ISO 8124-2:2007 specifies the categories of flammable materials that are prohibited in all toys, and requirements concerning flammability of certain toys when they are subjected to a minor source of ignition.

The test methods described are used for the purposes of determining the flammability of toys under the particular test conditions specified. The test results thus obtained cannot be considered as providing an overall indication of the potential fire hazard of toys or materials when subjected to other sources of ignition.

ISO 8124-2:2007 includes general requirements relating to all toys and specific requirements and methods of test relating to the following toys, which are considered as being those presenting the greatest hazard:

  • toys to be worn on the head: beards, moustaches, wigs, etc., made from hair, pile or material with similar features; molded and fabric masks; hoods, head-dresses, etc.; flowing elements of toys to be worn on the head, but excluding paper novelty hats of the type usually supplied in party crackers;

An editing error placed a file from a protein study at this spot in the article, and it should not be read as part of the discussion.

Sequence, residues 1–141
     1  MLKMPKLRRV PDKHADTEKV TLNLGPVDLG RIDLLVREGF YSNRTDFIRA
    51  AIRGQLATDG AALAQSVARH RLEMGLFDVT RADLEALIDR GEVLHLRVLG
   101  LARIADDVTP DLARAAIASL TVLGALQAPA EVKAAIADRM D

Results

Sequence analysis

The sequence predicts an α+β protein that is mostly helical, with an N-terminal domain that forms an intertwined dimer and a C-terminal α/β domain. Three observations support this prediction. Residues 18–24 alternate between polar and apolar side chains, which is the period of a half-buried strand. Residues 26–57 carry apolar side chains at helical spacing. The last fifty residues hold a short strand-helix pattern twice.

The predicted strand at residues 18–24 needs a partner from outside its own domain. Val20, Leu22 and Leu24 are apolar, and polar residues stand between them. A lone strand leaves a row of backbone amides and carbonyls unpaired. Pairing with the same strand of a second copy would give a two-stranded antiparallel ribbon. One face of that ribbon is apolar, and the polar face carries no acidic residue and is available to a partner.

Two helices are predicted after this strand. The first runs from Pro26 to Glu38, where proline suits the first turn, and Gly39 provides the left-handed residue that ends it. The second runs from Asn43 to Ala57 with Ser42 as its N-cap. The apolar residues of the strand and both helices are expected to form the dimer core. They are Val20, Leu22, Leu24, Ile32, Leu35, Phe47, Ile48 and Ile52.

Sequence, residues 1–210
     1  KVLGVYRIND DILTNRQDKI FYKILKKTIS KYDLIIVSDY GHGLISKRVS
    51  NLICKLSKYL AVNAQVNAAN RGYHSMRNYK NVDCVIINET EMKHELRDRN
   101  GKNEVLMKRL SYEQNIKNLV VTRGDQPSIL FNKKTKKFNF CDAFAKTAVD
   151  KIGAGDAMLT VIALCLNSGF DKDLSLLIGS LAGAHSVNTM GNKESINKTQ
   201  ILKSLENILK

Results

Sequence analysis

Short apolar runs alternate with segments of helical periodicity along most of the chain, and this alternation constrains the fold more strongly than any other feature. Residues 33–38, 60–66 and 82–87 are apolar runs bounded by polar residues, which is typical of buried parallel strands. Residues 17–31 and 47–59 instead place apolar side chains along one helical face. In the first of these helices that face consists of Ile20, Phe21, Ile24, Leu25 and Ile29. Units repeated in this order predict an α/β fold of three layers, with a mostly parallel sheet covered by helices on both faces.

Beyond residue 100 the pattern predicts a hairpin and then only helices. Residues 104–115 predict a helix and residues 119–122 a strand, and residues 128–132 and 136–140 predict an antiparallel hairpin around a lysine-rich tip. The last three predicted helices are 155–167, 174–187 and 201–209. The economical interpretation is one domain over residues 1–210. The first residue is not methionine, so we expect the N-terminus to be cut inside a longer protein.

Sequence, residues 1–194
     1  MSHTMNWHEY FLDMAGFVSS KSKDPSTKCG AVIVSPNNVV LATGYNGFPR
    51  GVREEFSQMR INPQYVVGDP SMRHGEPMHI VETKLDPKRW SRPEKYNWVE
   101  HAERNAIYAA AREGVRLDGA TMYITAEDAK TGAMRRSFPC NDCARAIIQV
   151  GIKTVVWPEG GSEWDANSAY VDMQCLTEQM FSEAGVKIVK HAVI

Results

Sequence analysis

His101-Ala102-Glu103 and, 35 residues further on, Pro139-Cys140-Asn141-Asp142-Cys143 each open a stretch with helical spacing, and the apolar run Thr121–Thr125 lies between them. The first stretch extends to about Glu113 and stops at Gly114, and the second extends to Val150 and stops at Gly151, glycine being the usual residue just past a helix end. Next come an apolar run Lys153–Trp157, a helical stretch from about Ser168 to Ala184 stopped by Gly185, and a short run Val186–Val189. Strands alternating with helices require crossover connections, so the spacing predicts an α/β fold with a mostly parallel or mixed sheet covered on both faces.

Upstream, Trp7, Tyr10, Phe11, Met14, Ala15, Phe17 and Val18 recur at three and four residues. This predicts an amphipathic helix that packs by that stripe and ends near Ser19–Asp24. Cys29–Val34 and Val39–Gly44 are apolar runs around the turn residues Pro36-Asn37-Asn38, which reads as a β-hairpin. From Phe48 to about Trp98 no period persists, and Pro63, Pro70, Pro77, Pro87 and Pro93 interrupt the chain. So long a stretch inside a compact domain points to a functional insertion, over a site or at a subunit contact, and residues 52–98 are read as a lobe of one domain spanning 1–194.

• toy disguise costumes and toys intended to be worn by a child in a play;
  • toys intended to be entered by a child;
  • soft-filled toys (animals and dolls, etc.) with a piled surface or textile surface.

ISO-8124-3, Safety of toys — Part 3: Migration of certain elements:

ISO 8124-3:2010 specifies maximum acceptable levels and methods of sampling and extraction prior to analysis for the migration of the elements antimony, arsenic, barium, cadmium, chromium, lead, mercury and selenium from toy materials and from parts of toys.